There is often confusion around the role of a physiotherapist, chiropractor and osteopath. Here, Kylie Pearsall, our resident Physiotherapist explains what her profession does and when you should visit a physio.
What is a physiotherapist?
According to the Australian Physiotherapy Association…
“Physiotherapy is a healthcare profession that assesses, diagnoses, treats, and works to prevent disease and disability through physical means. Physiotherapists are experts in movement and function…”
What types of conditions does a physiotherapist treat?
Many physiotherapists working in a private practice setting are experts in musculoskeletal disorders, like back pain, sports injuries and similar joint or muscular issues. Physiotherapists receive training in managing cardiorespiratory and neurological disorders so the range of conditions that a physio can manage is quite broad. You may find physiotherapists working in hospitals, community settings and private clinics working with people of all ages, from infants to the elderly.
There are physios who specialise in working with specific conditions or groups of people or using specific modalities of treatment.
Some of the conditions you may seek a physio for management for include:
- Back or other joint pain
- Soft tissue injuries
- Breathing disorders and lung diseases
- Rehabilitation after surgery or a neurological event (stroke)
- Pre and post-natal exercise advice
- Neurological disease (ie. MS)
- Workplace injuries and ergonomic assessment
- Developmental disorders, childhood injuries
- Issues of mobility, requiring the use of aids- walking stick etc
What techniques do physiotherapists use?
The modalities of treatment available to physiotherapists are equally broad
- Joint mobilisation and manipulation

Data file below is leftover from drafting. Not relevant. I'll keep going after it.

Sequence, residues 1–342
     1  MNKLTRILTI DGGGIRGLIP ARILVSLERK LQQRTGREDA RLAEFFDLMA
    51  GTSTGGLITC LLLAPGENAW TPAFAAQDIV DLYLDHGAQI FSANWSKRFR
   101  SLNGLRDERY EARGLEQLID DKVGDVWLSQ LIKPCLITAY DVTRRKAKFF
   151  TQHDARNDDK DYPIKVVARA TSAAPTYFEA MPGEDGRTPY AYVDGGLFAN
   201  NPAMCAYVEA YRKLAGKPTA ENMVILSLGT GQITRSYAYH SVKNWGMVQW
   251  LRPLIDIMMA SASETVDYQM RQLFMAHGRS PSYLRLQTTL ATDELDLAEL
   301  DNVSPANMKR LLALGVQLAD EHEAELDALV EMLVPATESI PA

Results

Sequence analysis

- Soft tissue mobilisation (including massage)
- Dry needling
- Airway clearance techniques and breathing exercises
- Specific exercise programming
- Mobility exercises and assistance
- Clinical Pilates
When should you see a physiotherapist?
I’m often asked by people why they should see a physio as opposed to an osteopath or chiropractor. My response is usually as follows…
“You should see whomever makes you feel better, who you trust and who can resolve the underlying cause of your presenting complaint”
Naturally as a physio myself I have a deeper understanding of what I can offer than other professions in which I have no training- I’m not an osteo or chiro. There are outstanding practitioners in all three professions and I often find when I’m sharing clients with other professionals we are all on the same page, we just have different ways of getting to the same end goal- our client’s health!
My approach is straightforward, get to the cause of the issue and manage that, along with managing any symptoms along the way. This can include soft tissue, joint mobilisations, dry needling, taping, corrective exercise and clinical pilates programs.
Ideally your physio should be able to give you an explanation of what is wrong, a treatment or management plan and work in partnership with you on getting you to where you want to go.